Step 120 provides that for a known user, individual pages or sets of pages that are deemed to be of interest to the user are recorded. In one embodiment, the pages of interest are based on user-activity. For example, browsing and navigation actions performed by the user may identify, or at least indicate, a set or collection of pages that are of interest to the user. Examples of the browsing or navigation activities include a series of navigation actions made by the user in selecting a category from a main page, then one or more sub-category selections on successive pages, resulting the user navigating to a particular page. As another example, a collection of pages associated and made available through a link of a main page may be identified together as being a set or collection of pages that are of interest to the user, based on the user's action in selecting a link to that collection of pages. It is possible for the user to perform a series of navigation actions before the collection or set of pages of interest are identified. For example, the user may start out on a home page, select a heading to an internal main page, then select a category under the internal main page that takes the user to a third page on which links to a collection of pages are provided. In this scenario, it is possible for either one or both of the first selection to the internal main page and the second selection to the third page to be used as identifiers for one or two distinct sets of pages of interest to the user.
One implementation contemplates a three-tier hierarchy, in which there is a main page, a plurality of categories links that are provided on the main page, and different sets of pages (sub-category) that belong to each category. When the user selects a category link from the main page, a category main page is rendered to the user. When the user selects a sub-category from a category main page, the pages in the sub-category are what is recorded by this step. As an alternative or additional implementation, the site may include a search feature for receiving user-search requests. In response to receiving a search request, the network site may return a search result, on which there are one or more matching results. In one embodiment, the search result corresponds to a sub-category, and what is recorded is the identification of the sub-category by the search result. In another embodiment, the search result returns more than one sub-category as a result. The user may need to make a further selection, at which time the selected sub-category marks the pages of interest for use with this step.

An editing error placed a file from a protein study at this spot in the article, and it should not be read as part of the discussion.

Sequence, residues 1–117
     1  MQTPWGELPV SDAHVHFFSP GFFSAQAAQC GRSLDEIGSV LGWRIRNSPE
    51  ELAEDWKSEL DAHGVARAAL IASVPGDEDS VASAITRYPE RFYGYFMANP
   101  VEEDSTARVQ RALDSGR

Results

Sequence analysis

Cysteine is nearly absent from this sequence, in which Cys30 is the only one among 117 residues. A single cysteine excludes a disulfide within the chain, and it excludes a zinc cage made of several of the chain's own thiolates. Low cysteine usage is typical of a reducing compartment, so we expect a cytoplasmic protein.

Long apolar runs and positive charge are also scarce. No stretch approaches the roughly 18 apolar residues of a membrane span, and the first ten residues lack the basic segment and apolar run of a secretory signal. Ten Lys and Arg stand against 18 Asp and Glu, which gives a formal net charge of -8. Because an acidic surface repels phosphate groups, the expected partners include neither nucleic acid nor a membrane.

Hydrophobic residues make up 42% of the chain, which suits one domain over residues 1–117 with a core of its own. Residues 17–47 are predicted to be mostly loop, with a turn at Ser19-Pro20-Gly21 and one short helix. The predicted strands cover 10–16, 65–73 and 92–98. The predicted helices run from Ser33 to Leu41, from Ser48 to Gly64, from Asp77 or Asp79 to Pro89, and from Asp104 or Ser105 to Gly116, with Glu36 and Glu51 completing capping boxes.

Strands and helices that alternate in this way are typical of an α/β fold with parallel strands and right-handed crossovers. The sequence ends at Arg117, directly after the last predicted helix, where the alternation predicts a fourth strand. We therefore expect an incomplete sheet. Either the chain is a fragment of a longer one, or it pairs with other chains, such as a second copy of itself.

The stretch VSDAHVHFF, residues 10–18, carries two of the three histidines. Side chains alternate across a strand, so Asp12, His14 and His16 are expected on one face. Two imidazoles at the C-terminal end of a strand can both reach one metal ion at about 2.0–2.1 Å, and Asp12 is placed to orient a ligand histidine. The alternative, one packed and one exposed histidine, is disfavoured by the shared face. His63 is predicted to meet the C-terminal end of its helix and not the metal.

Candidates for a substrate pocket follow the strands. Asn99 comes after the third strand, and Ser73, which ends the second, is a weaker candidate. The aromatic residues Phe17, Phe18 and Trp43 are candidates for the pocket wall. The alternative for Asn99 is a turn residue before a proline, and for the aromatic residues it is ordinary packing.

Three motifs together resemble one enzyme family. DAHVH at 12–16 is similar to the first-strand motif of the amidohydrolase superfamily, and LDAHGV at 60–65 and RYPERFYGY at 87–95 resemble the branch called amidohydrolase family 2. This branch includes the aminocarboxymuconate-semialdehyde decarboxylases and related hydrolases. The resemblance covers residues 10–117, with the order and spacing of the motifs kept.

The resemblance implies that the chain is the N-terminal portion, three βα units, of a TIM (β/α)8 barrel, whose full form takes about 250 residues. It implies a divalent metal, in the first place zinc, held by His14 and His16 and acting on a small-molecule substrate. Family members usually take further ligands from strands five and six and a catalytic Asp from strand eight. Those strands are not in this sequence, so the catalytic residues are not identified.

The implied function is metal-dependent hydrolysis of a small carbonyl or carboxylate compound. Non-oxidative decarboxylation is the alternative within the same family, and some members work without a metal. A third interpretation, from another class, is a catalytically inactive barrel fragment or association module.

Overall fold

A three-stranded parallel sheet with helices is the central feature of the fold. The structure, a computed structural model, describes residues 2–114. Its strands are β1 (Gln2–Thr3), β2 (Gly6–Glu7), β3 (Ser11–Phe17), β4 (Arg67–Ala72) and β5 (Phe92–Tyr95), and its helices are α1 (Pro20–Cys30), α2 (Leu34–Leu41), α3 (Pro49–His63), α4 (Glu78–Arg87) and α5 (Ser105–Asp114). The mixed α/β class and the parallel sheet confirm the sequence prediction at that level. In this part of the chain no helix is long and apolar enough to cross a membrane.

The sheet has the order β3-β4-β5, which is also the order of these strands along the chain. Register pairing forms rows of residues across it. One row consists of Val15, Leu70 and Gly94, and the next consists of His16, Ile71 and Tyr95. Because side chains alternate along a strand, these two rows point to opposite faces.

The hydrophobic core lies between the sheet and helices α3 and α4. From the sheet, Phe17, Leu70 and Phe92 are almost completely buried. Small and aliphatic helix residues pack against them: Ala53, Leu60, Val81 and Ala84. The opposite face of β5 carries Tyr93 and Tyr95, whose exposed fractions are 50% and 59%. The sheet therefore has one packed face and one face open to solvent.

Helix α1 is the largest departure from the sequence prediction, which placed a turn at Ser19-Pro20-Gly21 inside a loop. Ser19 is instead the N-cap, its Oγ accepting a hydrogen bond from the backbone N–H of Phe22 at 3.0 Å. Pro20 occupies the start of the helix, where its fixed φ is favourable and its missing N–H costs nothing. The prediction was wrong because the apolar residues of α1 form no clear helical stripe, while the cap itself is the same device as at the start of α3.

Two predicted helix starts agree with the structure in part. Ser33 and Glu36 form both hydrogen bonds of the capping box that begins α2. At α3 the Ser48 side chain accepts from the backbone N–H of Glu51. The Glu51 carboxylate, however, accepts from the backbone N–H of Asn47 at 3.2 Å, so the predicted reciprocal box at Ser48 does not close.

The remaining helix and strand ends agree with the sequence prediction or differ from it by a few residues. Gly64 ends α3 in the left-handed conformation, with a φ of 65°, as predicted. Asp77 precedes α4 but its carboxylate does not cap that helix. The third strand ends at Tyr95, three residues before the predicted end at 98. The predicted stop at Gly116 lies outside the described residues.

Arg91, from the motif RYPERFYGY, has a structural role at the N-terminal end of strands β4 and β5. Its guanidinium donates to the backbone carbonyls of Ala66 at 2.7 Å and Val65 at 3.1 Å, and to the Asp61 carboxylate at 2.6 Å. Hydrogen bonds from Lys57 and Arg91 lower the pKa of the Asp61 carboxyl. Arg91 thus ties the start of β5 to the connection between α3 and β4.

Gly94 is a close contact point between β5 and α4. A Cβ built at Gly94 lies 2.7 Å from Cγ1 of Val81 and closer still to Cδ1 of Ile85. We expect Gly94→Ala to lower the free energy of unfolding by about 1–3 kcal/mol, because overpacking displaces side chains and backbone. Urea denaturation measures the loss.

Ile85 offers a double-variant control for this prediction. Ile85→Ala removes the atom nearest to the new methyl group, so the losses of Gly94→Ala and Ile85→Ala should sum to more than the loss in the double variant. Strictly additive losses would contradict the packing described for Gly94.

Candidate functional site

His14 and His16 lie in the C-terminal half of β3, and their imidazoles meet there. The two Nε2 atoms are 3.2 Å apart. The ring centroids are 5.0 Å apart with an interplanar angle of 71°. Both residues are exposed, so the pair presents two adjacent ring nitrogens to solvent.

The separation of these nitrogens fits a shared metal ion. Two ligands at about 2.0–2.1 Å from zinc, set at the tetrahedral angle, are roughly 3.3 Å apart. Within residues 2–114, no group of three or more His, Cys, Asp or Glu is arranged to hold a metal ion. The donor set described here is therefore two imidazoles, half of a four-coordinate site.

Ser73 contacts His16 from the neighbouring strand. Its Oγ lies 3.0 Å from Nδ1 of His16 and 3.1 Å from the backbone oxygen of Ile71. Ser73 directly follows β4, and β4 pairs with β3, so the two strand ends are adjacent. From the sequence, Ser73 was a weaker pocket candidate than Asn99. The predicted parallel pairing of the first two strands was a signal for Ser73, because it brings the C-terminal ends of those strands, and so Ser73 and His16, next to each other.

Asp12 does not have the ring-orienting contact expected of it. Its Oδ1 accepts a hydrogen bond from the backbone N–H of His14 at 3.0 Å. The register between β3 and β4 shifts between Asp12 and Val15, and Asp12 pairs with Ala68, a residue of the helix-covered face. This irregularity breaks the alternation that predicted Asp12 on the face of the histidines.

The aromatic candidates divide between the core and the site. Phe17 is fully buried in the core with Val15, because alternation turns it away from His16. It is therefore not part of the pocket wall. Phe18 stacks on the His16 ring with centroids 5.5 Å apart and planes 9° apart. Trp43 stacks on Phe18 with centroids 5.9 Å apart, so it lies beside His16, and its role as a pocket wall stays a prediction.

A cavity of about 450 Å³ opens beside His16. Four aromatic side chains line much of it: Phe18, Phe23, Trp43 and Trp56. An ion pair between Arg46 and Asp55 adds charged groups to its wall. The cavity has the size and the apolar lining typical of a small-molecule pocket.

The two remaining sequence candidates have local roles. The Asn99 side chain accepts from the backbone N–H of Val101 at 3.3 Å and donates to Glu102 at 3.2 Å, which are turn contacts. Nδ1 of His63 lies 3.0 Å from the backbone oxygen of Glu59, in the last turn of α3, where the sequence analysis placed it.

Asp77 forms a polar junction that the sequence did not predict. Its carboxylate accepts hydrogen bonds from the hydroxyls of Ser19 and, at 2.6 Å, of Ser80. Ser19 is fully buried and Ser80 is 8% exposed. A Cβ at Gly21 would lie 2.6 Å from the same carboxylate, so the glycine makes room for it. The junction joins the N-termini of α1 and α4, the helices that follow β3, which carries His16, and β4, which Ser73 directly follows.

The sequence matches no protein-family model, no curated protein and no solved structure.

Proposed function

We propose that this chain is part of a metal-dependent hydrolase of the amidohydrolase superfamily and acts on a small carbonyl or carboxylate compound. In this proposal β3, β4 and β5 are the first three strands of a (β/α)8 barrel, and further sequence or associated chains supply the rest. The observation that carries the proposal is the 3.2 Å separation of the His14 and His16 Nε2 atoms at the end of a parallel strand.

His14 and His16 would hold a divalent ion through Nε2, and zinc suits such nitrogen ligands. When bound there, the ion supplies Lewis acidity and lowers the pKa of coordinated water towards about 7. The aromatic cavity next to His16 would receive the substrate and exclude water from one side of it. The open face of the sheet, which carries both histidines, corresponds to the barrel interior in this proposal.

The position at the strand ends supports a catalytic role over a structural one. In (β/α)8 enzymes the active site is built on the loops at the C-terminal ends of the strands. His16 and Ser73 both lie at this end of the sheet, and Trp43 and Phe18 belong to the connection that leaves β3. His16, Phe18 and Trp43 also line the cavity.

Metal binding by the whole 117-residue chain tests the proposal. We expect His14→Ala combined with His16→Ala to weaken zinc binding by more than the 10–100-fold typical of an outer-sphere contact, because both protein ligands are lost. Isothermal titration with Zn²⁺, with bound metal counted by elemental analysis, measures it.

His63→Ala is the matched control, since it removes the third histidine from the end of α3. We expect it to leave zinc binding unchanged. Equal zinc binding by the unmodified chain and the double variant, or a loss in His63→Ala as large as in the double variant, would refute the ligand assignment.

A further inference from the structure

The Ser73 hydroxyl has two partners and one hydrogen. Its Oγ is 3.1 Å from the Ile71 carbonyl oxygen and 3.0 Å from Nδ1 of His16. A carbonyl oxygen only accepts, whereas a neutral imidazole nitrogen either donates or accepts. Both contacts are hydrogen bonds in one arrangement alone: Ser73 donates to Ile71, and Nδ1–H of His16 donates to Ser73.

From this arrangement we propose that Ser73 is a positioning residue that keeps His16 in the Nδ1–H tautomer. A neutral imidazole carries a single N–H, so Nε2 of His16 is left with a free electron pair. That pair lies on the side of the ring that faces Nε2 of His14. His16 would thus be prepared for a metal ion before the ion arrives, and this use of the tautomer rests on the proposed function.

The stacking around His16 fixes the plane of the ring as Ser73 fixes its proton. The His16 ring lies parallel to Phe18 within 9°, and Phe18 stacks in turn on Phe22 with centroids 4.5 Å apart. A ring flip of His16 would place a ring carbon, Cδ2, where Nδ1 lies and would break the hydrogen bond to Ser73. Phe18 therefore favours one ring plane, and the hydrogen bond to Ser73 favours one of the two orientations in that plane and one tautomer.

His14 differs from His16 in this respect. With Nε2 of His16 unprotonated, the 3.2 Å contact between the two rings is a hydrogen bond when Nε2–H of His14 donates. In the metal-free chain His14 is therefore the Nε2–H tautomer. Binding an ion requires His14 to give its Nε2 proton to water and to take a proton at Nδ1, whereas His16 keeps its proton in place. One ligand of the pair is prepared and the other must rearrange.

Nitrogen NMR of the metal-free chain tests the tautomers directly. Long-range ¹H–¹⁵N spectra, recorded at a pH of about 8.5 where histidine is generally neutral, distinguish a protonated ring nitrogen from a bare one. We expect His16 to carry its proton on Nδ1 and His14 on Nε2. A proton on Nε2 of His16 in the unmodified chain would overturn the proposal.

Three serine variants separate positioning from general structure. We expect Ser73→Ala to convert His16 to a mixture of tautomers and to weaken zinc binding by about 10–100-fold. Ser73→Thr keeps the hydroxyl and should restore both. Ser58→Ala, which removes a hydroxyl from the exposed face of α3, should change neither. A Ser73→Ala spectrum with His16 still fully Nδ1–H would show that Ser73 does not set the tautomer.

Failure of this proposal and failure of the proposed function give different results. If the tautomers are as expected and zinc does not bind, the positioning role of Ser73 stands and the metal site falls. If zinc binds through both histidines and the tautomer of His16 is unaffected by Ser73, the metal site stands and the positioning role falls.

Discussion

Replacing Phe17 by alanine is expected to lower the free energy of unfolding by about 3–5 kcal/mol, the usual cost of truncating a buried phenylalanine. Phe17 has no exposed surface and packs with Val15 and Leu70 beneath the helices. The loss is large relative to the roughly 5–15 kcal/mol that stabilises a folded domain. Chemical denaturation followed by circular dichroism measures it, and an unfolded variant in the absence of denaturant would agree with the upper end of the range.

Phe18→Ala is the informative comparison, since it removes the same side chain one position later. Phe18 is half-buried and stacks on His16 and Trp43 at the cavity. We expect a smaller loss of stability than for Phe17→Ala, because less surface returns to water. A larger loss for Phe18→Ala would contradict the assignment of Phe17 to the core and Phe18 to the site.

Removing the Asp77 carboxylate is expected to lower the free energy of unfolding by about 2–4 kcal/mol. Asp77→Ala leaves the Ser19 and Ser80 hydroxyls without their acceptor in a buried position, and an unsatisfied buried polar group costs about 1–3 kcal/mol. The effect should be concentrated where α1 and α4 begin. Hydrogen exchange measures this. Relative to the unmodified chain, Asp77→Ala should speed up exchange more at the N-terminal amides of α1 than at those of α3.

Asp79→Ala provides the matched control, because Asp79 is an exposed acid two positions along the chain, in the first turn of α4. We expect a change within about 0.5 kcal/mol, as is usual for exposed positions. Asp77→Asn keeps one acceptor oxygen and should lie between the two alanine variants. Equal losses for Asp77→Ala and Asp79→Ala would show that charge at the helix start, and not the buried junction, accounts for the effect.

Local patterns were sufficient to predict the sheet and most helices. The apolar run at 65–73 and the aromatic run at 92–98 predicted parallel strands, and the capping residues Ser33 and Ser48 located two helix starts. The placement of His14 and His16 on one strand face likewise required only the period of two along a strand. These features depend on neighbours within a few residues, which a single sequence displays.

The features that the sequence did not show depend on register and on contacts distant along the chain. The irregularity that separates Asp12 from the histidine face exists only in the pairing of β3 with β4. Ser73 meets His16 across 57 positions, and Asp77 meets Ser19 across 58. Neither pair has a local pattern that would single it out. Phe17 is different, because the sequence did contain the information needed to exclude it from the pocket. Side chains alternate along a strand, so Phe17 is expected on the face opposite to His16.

In step 125, a determination is made as to whether a collection or set of pages identified in step 120 are associated with a category or heading on the page where an embodiment of the invention is to be implemented. For example, an embodiment such as described herein may be implemented on a home page having a three-tier hierarchy for listing categories and providing pages associated with individual categories. The determination in step 125 may be whether the set of pages identified in step 120 are a sub-category of a category on the home page. For example, the user's past navigation actions may record the user's interest in the sport of football, or in a particular professional football team. Either set of pages (Football and/or Football team) may be recorded in step 120, and in step 125, the determination may be that the set of pages may fall under the category of Sports on the home page.
If the determination in step 125 is that there is no association between the pages of interest and a category or heading of a main page, then step 130 provides that the pages of interest are ignored, at least for the particular page being configured according to an embodiment. Otherwise, step 140 provides that for the known user, an association is made between the set or collection of pages identified in step 120 and one or more of a category or heading provided on the main page where user-interface features of an embodiment are to be provided. The association between the identified set of pages of interest and one or more categories/headings may be based on an existing association between the set/collection of pages and the one or more categories. For example, the server hosting the network site may maintain a directory structure that associates a page of a sports team with a particular sport and with the category of Sports under the home page.
In step 150, data is recorded about (i) the identification of the visitor to the network site (ii) the collection or set of pages that have been determined to be of interest to the visitor, and (iii) the association between the set/collection of pages of interest and a heading or category appearing on one or more pages that are available from the site. The data about the location of the viewed page may correspond to a URL, or data for generating or selecting a URL of the viewed page and or its update. The data about the association between the viewed page and the category/sub-category may be metadata. The identification of the user may be cookie information, a login/password identification, or other form of identification.